in Aerospace

IATA releases passenger and air freight figures for 2019

Posted 7 February 2020 · Add Comment

The International Air Transport Association (IATA) announced full-year global passenger traffic results for 2019 showing demand (revenue passenger kilometres or RPKs) rose by 4.2%, whilst air freight demand, measured in freight tonne kilometres (FTKs), fell by 3.3% as capacity (AFTK) rose by 2.1%; all compared to the full year of 2018.

The global 2019 passengers result is a slowdown compared to 2018’s annual growth of 7.3% and marked the first year since the global financial crisis in 2009 with passenger demand below the long-term trend of around 5.5% annual growth. Full-year 2019 capacity climbed 3.4%, and the load factor rose 0.7 percentage point to a record high of 82.6%. The previous high was 81.9% set in 2018.

December 2019 RPKs increased 4.5% against the same month in 2018. That was an improvement over the 3.3% annual growth recorded in November, primarily due to solid demand in North America.


Courtesy IATA

“Airlines did well to maintain steady growth last year in the face of a number of challenges. A softer economic backdrop, weak global trade activity, and political and geopolitical tensions took their toll on demand. Astute capacity management and the effects of the 737 MAX grounding, contributed to another record load factor, helping the industry to manage through weaker demand and improving environmental performance,” said Alexandre de Juniac (above), IATA’s Director General and CEO.



International Passenger Markets
Twenty-nineteen international passenger traffic climbed 4.1% compared to 2018, down from 7.1% annual growth the year before. Capacity rose 3.0% and load factor edged up 0.8 percentage point to 82.0%.
 
•    Asia-Pacific airlines’ full-year traffic increased 4.5% in 2019, which was a large decline compared to 8.5% growth in 2018. This reflected the impact of the US-China trade war as well as weakening business confidence and economic activity. Capacity rose 4.1%, and load factor ticked up 0.3 percentage point to 80.9%.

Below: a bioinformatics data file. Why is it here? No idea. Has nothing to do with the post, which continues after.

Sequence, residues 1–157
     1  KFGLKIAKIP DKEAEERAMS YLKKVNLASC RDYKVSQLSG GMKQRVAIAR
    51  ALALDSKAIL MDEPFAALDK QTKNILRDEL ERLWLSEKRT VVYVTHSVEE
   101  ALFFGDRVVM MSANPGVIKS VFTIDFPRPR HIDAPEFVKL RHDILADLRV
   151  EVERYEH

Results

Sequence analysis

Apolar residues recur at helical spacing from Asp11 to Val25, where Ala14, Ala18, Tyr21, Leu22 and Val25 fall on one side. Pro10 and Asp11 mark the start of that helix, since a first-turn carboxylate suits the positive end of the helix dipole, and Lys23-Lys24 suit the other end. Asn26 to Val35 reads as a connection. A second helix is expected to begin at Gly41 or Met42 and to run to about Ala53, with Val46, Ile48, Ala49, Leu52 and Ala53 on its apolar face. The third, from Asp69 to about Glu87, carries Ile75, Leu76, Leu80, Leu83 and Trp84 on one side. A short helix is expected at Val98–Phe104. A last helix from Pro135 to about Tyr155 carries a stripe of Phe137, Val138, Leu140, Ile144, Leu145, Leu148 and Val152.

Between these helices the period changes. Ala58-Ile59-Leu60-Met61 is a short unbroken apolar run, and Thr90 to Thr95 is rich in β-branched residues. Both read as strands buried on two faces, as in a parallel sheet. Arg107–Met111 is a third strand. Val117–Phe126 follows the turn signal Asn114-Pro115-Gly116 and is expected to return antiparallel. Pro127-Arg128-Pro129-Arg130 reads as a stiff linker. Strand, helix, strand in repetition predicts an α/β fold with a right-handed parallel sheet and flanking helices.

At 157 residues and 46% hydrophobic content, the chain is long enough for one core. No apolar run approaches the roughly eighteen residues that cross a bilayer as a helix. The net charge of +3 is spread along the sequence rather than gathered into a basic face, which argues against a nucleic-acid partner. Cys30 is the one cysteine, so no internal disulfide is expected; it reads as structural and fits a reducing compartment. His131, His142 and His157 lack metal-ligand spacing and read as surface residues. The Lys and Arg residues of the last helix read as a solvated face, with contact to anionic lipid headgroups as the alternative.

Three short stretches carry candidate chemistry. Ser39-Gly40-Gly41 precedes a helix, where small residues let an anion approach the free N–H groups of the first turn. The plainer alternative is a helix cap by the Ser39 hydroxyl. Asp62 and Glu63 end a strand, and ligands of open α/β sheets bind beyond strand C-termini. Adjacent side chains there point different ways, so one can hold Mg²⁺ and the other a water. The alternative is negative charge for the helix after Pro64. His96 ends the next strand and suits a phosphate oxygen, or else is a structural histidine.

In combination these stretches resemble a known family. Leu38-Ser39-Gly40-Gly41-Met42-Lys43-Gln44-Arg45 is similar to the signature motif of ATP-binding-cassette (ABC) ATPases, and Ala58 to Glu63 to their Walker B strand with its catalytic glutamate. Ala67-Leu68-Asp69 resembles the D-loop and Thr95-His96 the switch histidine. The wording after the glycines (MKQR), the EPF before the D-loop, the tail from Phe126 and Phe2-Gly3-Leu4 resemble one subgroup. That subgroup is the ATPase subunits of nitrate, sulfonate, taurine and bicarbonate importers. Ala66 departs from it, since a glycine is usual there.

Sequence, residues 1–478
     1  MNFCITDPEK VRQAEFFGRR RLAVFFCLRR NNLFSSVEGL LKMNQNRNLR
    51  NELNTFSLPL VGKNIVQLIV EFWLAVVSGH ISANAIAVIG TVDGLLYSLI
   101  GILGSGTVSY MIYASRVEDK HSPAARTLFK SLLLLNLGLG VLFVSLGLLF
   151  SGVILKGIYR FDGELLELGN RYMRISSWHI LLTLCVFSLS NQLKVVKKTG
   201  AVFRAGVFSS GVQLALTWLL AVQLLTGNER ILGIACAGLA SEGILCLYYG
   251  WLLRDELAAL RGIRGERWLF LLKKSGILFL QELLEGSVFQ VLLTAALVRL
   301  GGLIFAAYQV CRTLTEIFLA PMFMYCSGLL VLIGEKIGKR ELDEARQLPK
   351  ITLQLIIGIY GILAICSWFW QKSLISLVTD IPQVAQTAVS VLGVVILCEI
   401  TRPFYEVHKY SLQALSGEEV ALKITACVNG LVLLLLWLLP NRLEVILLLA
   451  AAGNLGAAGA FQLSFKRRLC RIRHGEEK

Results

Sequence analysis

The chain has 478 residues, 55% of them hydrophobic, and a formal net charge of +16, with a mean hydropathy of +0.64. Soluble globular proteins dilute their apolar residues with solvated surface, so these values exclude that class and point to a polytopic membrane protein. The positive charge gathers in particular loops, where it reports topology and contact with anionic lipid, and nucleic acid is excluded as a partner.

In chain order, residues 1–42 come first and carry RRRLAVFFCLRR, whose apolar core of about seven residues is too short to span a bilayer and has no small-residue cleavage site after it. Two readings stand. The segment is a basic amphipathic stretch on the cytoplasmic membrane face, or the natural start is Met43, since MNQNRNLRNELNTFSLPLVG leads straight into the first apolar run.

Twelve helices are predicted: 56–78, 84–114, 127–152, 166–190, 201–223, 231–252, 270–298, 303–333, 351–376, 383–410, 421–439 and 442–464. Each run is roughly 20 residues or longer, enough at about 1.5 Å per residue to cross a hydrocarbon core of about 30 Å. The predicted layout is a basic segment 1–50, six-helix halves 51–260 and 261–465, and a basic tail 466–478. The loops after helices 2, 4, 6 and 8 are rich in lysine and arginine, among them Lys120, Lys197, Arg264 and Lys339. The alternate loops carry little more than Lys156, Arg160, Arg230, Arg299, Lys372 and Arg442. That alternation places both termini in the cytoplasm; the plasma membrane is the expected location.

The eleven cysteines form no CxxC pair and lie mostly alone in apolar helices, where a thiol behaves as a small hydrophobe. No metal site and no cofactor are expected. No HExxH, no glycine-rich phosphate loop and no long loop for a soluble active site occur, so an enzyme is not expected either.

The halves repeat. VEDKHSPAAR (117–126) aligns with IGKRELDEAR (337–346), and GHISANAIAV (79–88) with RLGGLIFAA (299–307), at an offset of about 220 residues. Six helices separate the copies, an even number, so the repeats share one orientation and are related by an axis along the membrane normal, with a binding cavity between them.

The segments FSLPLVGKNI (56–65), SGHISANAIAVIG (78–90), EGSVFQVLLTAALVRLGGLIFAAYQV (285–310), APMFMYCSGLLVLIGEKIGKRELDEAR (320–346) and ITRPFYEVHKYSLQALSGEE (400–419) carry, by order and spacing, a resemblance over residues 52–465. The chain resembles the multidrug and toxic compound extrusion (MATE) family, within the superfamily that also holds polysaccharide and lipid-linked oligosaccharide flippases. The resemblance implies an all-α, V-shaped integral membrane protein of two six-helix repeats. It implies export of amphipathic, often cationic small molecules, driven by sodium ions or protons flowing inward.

•    European carriers saw a 4.4% traffic rise in 2019, which was down from 7.5% annual growth in 2018. Capacity rose 3.7% and load factor increased 0.6 percentage point to 85.6%, which was the highest for any region. The lowered results are attributable to generally slowing economic activity; declining business confidence, compounded by industrial disputes (strikes); Brexit uncertainty and the collapse of a number of airlines.
 
•    Middle Eastern airlines’ passenger demand increased 2.6% last year, the slowest pace of expansion among all regions and down from 4.9% growth in 2018. However, demand began to recover in the fourth quarter and the monthly growth of 6.4% in December led all regions. Annual capacity climbed 0.1% and load factor surged 1.8 percentage points to 76.3%.
 
•    North American airlines saw traffic growth slow to 3.9% last year, down from 5.0% in 2018, amid softer US economic activity and weaker business confidence compared to 2018. Capacity climbed 2.2%, and load factor strengthened 1.3 percentage points to 84.0%, second highest among the regions. 
 
•    Latin American airlines’ traffic climbed 3.0% in 2019, a dramatic slowdown compared to 7.5% annual growth in 2018. Capacity rose 1.6% and load factor increased by 1.1 percentage points to 82.9%. The year was impacted by social unrest and economic difficulties in a number of countries in the region.
 
•    African airlines led all regions with a 5.0% demand increase, down from 6.3% growth recorded for 2018. Capacity rose 4.5%, and load factor edged up 0.3 percentage point to 71.3%. Airlines in the region benefitted from a generally supportive economic backdrop in 2019 as well as increases in air transport connectivity.


Domestic Passenger Markets



Domestic air travel climbed 4.5% in 2019, which was down from 7.8% in 2018. All markets showed annual growth, led by China and Russia. Capacity rose 4.1% and load factor was 83.7%, up 0.4% percentage point compared to 2018.